Made of Bugs

A Go/C Polyglot

Writing a Go/C polyglot

Someone on a Slack I’m on recently raised the question of how you might write a source file that’s both valid C and Go, commenting that it wasn’t immediately obvious if this was even possible. I got nerdsniped, and succeeded in producing one, which you can find here.

I’ve been asked how I found that construction, so I thought it might be interesting to document the thought / discovery / exploration process that got me there.

Start from the beginning

We start with the problem statement: We need a source file that is both a valid C source file, and a Go source file. We’ll keep open the Go language specification, and N1570, the final draft C11 spec doc (the final published version, ISO/IEC 9899:2011, is behind an ISO paywall) and use those to dig for an opening.

I know (or believe) based on writing Go before that Go programs need to start with a package declaration. That’s pretty constraining if true, so let’s check the spec to verify that. Per the spec, we have

SourceFile       = PackageClause ";" { ImportDecl ";" } { TopLevelDecl ";" } .
PackageClause  = "package" PackageName .
PackageName    = identifier .

So, we confirm that the first tokens in a Go source file must be the literal word package followed by an identifier.

I can’t imagine a way to make a valid C source file starting that way (although please let me know if I’m wrong!), so whatever cleverness we do has to happen before this point. The only way I can think of to inject source text that doesn’t appear in the token stream is by writing comments, so this observation implies to me that we’re going to be playing games with comment syntax. A common trick in polyglots is to find a way to end up with one half of the program as a comment to each language, so this feels like a productive avenue to explore.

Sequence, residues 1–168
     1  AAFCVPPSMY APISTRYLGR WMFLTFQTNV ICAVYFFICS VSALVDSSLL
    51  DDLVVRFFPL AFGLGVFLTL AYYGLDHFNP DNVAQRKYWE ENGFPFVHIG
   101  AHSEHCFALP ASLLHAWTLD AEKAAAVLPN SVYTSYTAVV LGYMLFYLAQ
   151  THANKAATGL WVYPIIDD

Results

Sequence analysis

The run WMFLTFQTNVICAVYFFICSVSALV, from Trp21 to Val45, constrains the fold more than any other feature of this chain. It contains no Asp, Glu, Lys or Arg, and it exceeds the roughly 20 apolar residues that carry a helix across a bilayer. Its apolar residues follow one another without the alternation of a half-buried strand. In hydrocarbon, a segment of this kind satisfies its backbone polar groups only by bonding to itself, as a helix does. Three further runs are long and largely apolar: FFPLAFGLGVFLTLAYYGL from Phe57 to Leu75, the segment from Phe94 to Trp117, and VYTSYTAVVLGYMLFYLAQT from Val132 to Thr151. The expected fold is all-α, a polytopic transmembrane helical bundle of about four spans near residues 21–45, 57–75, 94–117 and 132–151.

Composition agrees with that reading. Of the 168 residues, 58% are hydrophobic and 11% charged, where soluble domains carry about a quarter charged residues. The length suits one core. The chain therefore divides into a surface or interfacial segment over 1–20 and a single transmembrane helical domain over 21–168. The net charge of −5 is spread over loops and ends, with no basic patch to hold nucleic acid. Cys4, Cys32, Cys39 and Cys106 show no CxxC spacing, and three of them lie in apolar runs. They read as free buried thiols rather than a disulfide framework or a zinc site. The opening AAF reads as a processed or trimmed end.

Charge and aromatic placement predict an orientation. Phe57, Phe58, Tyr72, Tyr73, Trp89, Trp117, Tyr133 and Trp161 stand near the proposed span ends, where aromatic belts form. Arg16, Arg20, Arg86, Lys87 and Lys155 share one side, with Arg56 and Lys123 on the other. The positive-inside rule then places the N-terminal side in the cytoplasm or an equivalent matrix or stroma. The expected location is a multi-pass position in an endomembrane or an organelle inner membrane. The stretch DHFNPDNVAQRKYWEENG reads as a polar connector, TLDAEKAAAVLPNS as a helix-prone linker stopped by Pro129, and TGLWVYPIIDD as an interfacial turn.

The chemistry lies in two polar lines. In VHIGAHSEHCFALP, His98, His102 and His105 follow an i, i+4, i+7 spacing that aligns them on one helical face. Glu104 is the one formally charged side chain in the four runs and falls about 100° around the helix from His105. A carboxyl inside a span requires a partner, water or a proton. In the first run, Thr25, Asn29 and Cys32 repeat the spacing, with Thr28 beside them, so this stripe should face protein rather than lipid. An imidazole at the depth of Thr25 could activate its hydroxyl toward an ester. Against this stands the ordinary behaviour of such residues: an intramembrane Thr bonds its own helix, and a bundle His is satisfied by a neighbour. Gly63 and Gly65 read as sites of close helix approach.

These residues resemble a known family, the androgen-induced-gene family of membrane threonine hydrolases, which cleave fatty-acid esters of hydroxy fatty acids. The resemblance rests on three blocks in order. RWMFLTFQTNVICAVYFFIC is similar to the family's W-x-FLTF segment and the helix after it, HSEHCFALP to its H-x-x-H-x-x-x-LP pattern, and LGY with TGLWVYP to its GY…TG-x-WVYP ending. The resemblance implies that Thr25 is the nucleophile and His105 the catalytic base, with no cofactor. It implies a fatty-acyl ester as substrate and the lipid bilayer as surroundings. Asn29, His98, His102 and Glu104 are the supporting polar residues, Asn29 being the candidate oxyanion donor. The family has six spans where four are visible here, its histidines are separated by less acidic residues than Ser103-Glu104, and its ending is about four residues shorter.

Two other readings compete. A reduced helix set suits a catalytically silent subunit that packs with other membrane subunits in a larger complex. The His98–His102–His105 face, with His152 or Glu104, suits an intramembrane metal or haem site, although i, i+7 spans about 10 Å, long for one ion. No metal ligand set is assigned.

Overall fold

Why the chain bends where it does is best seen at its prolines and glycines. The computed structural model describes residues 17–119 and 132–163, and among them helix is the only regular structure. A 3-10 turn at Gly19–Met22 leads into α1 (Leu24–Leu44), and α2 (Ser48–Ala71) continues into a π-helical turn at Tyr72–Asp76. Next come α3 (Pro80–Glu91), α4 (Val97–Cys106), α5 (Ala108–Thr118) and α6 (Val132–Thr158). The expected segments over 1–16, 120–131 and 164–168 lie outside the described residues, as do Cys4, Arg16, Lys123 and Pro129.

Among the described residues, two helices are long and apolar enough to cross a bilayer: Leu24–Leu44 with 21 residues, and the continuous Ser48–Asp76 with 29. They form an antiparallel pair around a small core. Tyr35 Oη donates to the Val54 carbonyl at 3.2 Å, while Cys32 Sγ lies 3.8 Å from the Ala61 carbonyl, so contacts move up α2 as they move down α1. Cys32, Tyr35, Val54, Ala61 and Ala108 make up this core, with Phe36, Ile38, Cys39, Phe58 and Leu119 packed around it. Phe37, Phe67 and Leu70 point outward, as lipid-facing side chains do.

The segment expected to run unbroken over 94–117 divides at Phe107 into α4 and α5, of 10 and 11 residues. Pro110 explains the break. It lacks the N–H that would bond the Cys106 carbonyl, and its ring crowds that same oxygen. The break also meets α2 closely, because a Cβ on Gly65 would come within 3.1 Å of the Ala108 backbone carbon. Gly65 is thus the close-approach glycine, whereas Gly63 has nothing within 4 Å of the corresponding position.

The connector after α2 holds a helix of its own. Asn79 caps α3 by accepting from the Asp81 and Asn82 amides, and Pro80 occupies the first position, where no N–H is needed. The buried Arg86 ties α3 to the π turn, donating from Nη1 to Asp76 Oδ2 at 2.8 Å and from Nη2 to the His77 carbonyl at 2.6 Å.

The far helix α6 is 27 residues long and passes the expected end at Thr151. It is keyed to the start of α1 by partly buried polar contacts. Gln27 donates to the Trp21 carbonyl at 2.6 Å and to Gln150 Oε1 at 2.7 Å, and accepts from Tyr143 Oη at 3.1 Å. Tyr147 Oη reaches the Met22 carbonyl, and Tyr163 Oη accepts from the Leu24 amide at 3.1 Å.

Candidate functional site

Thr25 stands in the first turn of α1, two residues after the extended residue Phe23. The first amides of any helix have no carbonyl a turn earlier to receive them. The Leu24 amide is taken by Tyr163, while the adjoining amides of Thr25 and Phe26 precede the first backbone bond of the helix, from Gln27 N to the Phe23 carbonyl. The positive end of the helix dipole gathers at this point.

A comment, if I may

Go and C have very similar comment syntax — // for line comments, /* … */ for block comments. So if we start a file with either // or /*, both language will process it as a comment. If we can find some subtle way to make one language stop think the comment has ended, but not the other, we’ll be well on our way to victory. So, we turn to the specs to look for subtle distinctions in behavior:

On comments, the Go spec says:

  1. Line comments start with the character sequence // and stop at the end of the line.
  2. General comments start with the character sequence /* and stop with the first subsequent character sequence */.

And C says:

At a glance, these sound effectively identical. Neither language allows nesting /*, and // continues “the end of the line” or “the next new-line character,” which sound the same in any circumstance I can imagine. I briefly considered investigating if the languages perhaps differed on the definition of “new-line character” (\r, anyone?) but decided to shelve that for now in favor of looking at other transformations that might happen even before comment processing. If we can cause the lexers to see different character streams, we might be able to win. That lead me to … trigraphs!

Tri-whats?

The C programming language was designed (I believe — Unix buffs please @ me) for a 7-bit ASCII character set, and made use of most of the punctuation characters available in ASCII. However, it’s since been ported to systems that don’t use ASCII, most notably including IBM mainframes and others operating in EBCDIC. EBCDIC lacks several important punctuation marks used in C, such as the {} curly braces, so C provides a mechanism to represent these in such encodings. Certain three-character sequences, known as trigraphs, are replaced very early in source processing by a single punctuation character. This lets us create a character stream where C sees an end-of-comment delimiter and Go doesn’t, or vice versa, since C will process the trigraphs and Go will not. Once more, we go to the spec: